LEE, Harper. To Kill A Mockingbird. London: Heinemann, 1960.
8vo. Original burgundy linson boards, lettered in silver to spine, preserved in pictorial dustwrapper; pp. [viii], 9-296; a very good clean copy, with slight bumps to corners and pushing to head and foot, internally very clean with the suggestion of a previous ownership name excised by rubbing to the ffep; protected by an equally attractive, unclipped dustwrapper (16s) with the photographic portrait of the young author to the lower panel; the wrapper with marginal creasing and some tiny nicks to head and foot of spine, which is also ever-so-slightly sunned; one of the nicer examples we have seen, and rare in such condition.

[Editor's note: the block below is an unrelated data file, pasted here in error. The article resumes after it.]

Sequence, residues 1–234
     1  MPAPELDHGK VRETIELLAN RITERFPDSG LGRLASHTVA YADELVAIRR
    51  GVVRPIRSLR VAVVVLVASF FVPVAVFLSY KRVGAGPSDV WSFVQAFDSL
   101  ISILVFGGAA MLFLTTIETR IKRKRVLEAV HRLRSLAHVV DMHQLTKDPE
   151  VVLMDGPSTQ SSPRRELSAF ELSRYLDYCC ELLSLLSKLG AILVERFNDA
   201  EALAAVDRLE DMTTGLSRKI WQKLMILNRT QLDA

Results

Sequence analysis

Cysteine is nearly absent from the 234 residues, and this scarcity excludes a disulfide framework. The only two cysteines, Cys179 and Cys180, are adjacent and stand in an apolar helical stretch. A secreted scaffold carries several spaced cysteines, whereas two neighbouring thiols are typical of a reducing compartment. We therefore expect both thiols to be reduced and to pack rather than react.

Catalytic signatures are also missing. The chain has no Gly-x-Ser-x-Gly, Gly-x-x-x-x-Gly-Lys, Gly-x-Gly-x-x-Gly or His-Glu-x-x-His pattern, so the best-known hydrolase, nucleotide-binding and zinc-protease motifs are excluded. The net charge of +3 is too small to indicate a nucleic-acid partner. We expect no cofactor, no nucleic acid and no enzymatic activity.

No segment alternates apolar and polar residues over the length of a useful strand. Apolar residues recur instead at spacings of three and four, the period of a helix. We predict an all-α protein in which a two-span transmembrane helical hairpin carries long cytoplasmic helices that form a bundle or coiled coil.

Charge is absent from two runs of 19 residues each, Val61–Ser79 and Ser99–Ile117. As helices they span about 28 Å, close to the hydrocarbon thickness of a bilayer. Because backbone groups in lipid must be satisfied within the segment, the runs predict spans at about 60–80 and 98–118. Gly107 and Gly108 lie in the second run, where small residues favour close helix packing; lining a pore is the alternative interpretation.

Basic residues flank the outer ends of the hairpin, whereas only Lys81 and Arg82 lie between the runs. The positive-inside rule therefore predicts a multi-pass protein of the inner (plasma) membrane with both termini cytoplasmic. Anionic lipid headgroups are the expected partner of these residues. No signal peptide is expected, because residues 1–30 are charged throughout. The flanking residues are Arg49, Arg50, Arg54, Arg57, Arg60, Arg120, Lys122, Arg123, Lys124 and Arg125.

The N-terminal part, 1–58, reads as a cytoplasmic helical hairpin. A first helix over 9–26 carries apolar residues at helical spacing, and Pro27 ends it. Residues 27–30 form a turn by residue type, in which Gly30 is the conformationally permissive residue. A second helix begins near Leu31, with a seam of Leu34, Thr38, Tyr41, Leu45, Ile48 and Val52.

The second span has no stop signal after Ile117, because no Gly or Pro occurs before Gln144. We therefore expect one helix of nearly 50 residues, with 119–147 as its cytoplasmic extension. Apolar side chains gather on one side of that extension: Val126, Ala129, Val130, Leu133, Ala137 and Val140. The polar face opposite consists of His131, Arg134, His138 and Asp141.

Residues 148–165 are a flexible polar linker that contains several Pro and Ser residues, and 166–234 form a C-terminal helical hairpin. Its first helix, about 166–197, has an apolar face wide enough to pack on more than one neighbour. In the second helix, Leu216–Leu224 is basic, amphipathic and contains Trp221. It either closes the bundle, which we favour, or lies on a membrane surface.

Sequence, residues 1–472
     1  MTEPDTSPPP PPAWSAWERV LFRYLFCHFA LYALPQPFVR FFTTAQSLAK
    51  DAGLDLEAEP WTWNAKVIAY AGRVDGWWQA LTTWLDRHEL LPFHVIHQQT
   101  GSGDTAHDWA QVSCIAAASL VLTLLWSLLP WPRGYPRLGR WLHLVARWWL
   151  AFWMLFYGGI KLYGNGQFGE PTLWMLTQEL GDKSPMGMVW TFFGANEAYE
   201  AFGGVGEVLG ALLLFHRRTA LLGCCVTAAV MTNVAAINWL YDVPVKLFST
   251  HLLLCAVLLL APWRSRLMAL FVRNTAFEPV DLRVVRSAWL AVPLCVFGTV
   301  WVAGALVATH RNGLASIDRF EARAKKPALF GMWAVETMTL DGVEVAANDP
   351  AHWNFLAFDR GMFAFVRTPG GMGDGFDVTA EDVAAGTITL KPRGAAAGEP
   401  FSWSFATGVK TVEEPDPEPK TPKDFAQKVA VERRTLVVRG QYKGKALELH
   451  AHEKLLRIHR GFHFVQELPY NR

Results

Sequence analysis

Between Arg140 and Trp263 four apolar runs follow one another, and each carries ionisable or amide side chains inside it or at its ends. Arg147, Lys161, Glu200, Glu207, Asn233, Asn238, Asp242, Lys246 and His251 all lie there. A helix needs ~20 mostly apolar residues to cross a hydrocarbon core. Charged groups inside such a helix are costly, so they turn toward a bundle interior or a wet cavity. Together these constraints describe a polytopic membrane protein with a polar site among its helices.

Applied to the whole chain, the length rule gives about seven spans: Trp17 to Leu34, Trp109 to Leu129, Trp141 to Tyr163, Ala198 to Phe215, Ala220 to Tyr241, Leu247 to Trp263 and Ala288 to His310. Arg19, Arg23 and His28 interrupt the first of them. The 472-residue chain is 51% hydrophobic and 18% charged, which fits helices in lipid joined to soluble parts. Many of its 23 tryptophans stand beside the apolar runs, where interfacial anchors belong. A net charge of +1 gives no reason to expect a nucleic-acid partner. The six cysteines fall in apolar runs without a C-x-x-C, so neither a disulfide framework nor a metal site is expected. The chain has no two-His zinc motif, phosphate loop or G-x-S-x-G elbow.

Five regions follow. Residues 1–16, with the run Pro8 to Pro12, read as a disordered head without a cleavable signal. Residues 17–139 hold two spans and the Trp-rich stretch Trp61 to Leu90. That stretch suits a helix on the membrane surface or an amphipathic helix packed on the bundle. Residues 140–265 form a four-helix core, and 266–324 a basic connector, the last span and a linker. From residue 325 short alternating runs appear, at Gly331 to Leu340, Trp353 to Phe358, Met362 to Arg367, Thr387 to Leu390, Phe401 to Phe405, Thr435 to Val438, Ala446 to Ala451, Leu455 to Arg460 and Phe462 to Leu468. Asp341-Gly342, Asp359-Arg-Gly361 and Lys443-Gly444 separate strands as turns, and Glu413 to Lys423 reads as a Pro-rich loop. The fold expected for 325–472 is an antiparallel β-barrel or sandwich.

First U.K. edition; first published by Lippincott in Philadelphia in the same year.
This classic of modern American literature, which won the Pulitzer Prize in 1960, is a publishing phenomenon and probably the most widely read book dealing with race in the United States. Generations of children, and adults, have benefitted from the life-lesssons learned by young Scout, Jem, and Dill as they watch lawyer Atticus Finch battle social and racial divides in America's deep south in the 1930s.
The novel was the basis for the 1962 Robert Mulligan film starring Gregory Peck, and winner of three Academy Awards, as well as a nomination for the Palme d'Or at Cannes the following year.